More Video Resources From Search Engines

I have been busy at work recently so I do not have my next post in my series on the components of a website ready.  I will get the next post in that series up in the next couple weeks.  In the meantime, there were some very valuable posts from Google and Microsoft this past week that provide reinforcement of many of the concepts I write about and get asked about frequently.

Google’s Webmaster Central blog has produced a number of good basic instructional videos on topics such as discoverability, accessibility and ranking as well as Webmaster Central and other tools in this post.  These videos provide very short, easy to understand explanations of these topics and related information.  The Live Search Webmaster Center Blog also has posts on Webmaster Guidelines and Unraveling URLs and Demystifying Domains with information from presentations from the SMX East 2008 conference.

When you are just getting started with a website, I find these short, simple explanations right from the search engines helps reinforce an understanding of why administrators recommend certain methods.  This helps create the right expectations from new site owners as to how they will be discovered and ranked by the search engines.

Understanding Links

This week the Official Google Webmaster Blog had a series of posts on links.  If you haven’t subscribed to their blog feed yet, you are missing some great tutorial articles that are valuable for all knowledge levels.  One article each day provided an overview of three different link types and their role in Google’s (and all search engines) indexing and search results.

Internal Links

The key takeaway on internal links is twofold: maintain a shallow link hierarchy so pages can be reached with as few of clicks as possible and use descriptive anchor text.  In addition to to a link architecture that allows pages to be accessed quickly, you also need to make sure your internal links are visible to search engines.  Some sites use javascript or flash for navigation menus which sometimes make the navigation links invisible to search engines (and unaccessible to some visitors).  I recommend small site owners avoid these methods and use CSS hover methods to hide and display menu sections.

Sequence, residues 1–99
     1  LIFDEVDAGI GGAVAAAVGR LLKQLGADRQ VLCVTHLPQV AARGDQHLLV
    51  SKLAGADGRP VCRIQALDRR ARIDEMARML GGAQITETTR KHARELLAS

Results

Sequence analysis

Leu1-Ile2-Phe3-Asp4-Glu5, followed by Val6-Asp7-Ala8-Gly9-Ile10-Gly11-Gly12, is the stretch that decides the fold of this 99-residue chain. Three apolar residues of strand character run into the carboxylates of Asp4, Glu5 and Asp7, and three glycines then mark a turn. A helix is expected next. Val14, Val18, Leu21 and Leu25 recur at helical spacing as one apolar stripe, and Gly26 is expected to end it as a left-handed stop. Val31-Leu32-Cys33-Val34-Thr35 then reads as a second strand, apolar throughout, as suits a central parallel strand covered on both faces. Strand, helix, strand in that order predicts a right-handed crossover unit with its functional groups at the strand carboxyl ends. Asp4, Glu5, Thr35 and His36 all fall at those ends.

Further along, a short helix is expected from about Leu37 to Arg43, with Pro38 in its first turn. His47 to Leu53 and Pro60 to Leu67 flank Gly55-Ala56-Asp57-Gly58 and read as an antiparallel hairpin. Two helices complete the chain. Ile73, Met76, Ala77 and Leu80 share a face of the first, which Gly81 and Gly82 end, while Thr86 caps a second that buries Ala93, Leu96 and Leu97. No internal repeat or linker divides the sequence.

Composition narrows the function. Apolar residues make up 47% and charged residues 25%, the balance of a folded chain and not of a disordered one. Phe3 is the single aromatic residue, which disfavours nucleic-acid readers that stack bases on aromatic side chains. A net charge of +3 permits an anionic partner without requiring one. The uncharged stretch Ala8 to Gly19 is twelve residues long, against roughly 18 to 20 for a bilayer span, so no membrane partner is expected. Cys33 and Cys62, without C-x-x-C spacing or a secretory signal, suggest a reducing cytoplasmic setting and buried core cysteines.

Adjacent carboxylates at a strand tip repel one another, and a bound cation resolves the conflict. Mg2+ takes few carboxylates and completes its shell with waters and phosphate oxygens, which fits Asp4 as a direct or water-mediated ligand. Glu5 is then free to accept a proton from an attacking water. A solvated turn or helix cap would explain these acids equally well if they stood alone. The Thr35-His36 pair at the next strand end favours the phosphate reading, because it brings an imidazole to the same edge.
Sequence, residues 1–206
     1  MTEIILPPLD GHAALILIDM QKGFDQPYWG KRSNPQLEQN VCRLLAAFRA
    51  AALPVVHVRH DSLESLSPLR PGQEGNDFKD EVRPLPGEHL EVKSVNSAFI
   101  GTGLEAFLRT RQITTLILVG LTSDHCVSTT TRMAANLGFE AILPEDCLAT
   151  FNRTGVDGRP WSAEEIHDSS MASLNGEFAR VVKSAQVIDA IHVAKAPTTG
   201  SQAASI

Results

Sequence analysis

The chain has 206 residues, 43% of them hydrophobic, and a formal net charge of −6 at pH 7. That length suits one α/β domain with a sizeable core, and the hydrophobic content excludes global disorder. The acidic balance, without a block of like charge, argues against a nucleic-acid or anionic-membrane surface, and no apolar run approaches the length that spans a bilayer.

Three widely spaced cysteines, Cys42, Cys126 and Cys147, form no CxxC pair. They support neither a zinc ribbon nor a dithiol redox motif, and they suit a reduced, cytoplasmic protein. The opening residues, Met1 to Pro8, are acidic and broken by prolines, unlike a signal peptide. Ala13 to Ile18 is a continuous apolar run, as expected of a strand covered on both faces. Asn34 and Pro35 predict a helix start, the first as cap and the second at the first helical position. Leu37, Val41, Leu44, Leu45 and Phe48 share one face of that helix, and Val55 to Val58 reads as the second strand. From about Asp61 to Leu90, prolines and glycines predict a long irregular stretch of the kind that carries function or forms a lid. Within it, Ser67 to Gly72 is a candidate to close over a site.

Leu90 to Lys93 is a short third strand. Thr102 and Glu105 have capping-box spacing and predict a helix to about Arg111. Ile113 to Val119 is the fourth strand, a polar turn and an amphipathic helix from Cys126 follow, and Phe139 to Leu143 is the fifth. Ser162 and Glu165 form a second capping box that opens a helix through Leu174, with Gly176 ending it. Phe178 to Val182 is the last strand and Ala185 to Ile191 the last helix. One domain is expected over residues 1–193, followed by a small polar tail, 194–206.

External Links

External links are often overlooked by site owners.  They focus on their internal link structure and incoming links instead.  External links are important as proof of a human behind a site.  Humans link to related content which provide background, commentary or opinions on topics they are discussing.  Visitors give more credibility and are more likely to follow sites which have links to back up their opinions or provide background information.  Linking to others in an non-obligation way also encourages others to link to content on your site they enjoy, providing great incoming links.

Incoming Links

The article on inbound links is worthy of a read.  A quick explanation of how inbound links affects ranking is followed by tips on getting inbound links.  The most important thing to remember is you will likely need to cultivate relationships to attract links.  This means writing quality content, being passionate about your site and making your site known in your niche market.  Sometimes this means creating the online industry for your niche as the members of it are not web-savy.  This may mean encouraging members of a community or industry to start their own websites, blog and subscribe to feeds.  Once a small group of people start organizing an online community this way, starting conversations and linking to each other the community will be more discoverable and more likely to grow.

Your Location: The Server Space

After acquiring a domain name, an address for a site, the next thing needed is space to host it. This article will focus on hosting a site at a third party’s location or hosting provider.

The server space is akin to a physical location to place a business. Most commonly, with small to medium websites, space is leased from a third party. There are three different types of hosting packages to fit the size and complexity of the site being deployed. Sites can easily migrate from one type to another as they grow, although the management of the server increases with upgrades as well.

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